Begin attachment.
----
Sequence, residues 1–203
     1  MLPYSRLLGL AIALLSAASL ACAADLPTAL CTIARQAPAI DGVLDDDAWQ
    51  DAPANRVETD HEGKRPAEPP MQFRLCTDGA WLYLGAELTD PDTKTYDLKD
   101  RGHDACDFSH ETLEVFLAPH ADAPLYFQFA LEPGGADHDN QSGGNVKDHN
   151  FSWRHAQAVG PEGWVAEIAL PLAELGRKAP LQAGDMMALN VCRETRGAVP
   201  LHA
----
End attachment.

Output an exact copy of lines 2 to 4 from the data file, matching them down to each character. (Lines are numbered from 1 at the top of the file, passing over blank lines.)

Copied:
     1  MLPYSRLLGL AIALLSAASL ACAADLPTAL CTIARQAPAI DGVLDDDAWQ
    51  DAPANRVETD HEGKRPAEPP MQFRLCTDGA WLYLGAELTD PDTKTYDLKD
   101  RGHDACDFSH ETLEVFLAPH ADAPLYFQFA LEPGGADHDN QSGGNVKDHN